Microsoft's New Patent Aims To Watch Consumers, Prevent Copyright Infringement

By William Usher 2 years ago discussion comments
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So you know how you invite friends over to watch a movie or play a game and you make a whole party-deal out of it? Well, Microsoft isn't having any of that. In fact, their new patent is aimed at controlling how many people actually utilize their device simultaneously for games, movies and streaming content and it can block said content if they feel the amount of users exceed a predetermined amount of simultaneous viewers.

If this sounds like Fahrenheit 451, 1984 or Equilibrium bullcrap, that's because it is. Game Politics and Eurogamer have some nice write-ups on this crappy patent that would enable Microsoft to [presumably] make use of Kinect or other in-house mobile devices that has their software tech and a camera in it, to monitor and gauge how many people are accessing media content at the same time.

One of the more disturbing aspects of the patent is as follows...
"A content presentation system and method allowing content providers to regulate the presentation of content on a per-user-view basis. Content is distributed an associated license option on the number of individual consumers or viewers allowed to consume the content. Consumers are presented with a content selection and a choice of licenses allowing consumption of the content. The users consuming the content on a display device are monitored so that if the number of user-views licensed is exceeded, remedial action may be taken. "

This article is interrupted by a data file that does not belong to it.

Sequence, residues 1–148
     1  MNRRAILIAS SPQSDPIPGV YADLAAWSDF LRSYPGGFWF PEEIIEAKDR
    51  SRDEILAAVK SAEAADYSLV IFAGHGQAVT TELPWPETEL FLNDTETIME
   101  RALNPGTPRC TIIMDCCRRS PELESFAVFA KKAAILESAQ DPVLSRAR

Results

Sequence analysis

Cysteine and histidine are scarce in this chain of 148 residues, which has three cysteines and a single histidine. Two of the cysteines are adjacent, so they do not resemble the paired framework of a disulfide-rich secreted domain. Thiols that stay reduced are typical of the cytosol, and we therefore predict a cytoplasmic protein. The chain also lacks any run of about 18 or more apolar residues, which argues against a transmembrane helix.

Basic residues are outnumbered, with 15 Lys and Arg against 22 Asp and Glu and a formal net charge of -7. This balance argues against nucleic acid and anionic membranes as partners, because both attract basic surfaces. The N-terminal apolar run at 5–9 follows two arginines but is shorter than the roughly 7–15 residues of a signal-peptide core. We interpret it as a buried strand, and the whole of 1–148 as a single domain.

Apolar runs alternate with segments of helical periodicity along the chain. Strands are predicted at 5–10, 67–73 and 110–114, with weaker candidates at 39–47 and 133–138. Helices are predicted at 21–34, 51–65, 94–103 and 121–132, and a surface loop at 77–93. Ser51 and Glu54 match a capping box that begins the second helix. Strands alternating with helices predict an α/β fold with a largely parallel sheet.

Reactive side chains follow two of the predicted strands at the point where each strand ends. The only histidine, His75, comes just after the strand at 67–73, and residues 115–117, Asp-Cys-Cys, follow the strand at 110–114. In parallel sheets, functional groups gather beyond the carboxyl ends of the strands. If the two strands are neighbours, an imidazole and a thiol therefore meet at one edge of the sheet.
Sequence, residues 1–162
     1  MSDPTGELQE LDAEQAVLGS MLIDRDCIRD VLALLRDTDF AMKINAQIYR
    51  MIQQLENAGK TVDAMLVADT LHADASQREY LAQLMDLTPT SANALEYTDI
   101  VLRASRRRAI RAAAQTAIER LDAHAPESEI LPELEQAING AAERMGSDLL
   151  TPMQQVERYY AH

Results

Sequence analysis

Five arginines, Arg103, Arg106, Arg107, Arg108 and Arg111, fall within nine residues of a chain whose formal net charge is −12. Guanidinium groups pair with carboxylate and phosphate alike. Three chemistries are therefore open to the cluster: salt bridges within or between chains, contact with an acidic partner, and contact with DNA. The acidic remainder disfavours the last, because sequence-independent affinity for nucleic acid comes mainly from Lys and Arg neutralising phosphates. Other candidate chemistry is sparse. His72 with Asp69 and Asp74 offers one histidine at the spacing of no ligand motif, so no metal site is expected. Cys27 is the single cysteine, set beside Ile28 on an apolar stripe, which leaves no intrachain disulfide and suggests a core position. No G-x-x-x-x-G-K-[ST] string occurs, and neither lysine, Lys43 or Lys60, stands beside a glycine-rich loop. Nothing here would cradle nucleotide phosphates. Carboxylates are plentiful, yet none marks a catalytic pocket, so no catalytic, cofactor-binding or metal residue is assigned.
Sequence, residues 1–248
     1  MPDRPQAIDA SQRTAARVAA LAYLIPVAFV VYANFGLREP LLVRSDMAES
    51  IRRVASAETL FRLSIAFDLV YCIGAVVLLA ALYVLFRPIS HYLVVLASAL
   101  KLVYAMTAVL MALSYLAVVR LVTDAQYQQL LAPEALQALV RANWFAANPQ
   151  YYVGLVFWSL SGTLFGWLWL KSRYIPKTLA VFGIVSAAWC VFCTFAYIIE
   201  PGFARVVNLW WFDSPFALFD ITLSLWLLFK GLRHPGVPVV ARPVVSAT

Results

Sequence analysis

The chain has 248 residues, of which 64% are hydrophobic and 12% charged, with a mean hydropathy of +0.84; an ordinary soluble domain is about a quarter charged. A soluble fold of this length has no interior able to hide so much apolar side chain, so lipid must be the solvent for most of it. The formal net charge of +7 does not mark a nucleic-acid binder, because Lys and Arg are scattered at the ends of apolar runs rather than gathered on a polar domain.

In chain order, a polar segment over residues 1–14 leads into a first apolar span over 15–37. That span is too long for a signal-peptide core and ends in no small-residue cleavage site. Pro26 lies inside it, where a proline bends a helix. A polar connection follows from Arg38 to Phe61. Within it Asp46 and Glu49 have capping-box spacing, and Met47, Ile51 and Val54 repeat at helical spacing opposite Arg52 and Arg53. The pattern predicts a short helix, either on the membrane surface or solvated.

Is that not some Jimmy-rustling, bird-poop-in-the-eyes, maggot-pie crap or what?

It seems like our corporate overlords are getting evermore brazen in their attempts to control what kind of content we view and how we view it. This ties into AT&T, Comcast and Time Warner's new six strike policy that will go into effect later this month on November 28th.

Having a company spy on you and your friends and shutdown your content due to copyright licensing (or the lack thereof) is an obvious cash grab. Can you imagine the Xbox 360 pausing a movie right in the middle of playing and saying “Warning: maximum amount of allowed viewers exceeded. Please purchase more licenses to continue accessing your content. Thank you.” And then it takes you to a screen where you have to lay down some extra cash just to keep watching the movie or TV show? The amount of crap contained within that kind of corporate dictatorship cannot be put into words.

Thankfully, gaming media has been all over this and hopefully, media at large will stay on top of this to ensure that people are at least aware of what Microsoft is planning to do. You can learn more about the patent over at the official USPTO website.
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